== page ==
Our discussions of the strengths and weaknesses of men and women led to the question of how much of what we perceive as strength and weakness is a product of societal norms and what was genetically inherent to the sexes.
We are all human.
When polled, the audience (and my research subjects and the doctors who helped with this series) were quick to choose self-sacrifice in relationships as a strength. Ironically, that same self-sacrifice in terms of gender was considered a weakness. What is the difference? The difference answers the question of what nature brings to the table. First, let’s set some background.
In a Vacuum
None of us grows up in a vacuum. We are exposed to others, their actions, their inaction, their emotions and the consequences of all three. Genetically, we are wired to be inquisitive. Like every human characteristic, some pursue the curiosity with a verve while others are content to let the information come to them.
Instinct is difficult to circumvent. Instinct is not learned behavior. It is something which need not be taught because the mind will act in a situation without the consultation of the heart, without ego and without training.
A good example is to see an adolescent left with a newborn for the first time. Even without educational preparation, he will care for the infant at an instinctual level. He will remove his own clothing to keep the child warm. He will offer or obtain food for the child. This is a primal example of natural self-sacrifice: Natural strength.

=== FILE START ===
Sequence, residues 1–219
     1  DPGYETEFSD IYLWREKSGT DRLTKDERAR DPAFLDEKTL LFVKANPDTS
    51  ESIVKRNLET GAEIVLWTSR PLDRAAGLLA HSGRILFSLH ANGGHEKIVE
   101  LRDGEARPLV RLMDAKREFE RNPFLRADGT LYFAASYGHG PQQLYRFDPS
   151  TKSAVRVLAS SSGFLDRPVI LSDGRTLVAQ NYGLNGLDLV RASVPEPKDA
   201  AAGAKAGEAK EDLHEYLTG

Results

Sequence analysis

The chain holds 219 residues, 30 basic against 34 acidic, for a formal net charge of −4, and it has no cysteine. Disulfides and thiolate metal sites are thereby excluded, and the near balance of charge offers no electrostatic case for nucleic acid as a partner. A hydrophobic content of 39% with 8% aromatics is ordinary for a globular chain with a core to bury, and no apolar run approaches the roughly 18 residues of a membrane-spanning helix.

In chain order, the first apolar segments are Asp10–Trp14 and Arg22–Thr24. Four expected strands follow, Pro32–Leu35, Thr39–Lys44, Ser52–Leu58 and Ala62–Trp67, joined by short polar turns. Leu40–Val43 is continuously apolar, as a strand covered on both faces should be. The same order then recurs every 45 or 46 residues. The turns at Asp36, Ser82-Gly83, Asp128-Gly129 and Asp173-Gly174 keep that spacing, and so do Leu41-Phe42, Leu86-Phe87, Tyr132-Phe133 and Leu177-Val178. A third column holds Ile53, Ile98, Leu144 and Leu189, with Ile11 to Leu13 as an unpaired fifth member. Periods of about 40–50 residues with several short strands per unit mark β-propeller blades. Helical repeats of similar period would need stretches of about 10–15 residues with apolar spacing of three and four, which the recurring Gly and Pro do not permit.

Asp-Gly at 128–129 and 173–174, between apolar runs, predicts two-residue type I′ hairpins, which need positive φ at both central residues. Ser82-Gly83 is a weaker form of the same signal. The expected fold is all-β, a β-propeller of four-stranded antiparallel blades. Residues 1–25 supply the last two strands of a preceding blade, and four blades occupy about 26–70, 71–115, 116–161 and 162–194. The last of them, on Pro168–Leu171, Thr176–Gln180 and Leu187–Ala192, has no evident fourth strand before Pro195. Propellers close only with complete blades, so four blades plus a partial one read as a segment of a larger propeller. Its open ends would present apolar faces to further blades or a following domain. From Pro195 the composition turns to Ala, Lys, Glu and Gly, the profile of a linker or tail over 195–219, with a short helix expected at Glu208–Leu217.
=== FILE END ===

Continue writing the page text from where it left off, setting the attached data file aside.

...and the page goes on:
This example is not about male and female. It is about being human. The innate capability of compassion, perseverance and/or empathy is one of the distinctions (and strengths) we use to define our species. It transcends gender. Yet, that said, it is not equally applied. Just because all humans are upright does not mean we are all the same height.
There will always be the exception to the rule. Sociopaths are the first group which come to mind. This particular pathology precludes the instincts to act as social animals, which humans are. By design, we seek out others and try to connect through our emotions, intellect and chemical attraction. We try to become part of a larger humanity than we offer of our own accord.
What about nurture?
Nurture is where the difference lies between self-sacrifice as a weakness rather than a natural strength. Enter social experience. Tomorrow, we shall discuss the way social interaction changes what we consider a strength into a weakness.
If you have missed the beginning of this series, visit the following links to catch up. The comments are important to understanding how we got to this post.
Name an example of natural strength or name another exception.
(c) Ann Marie Dwyer 2011
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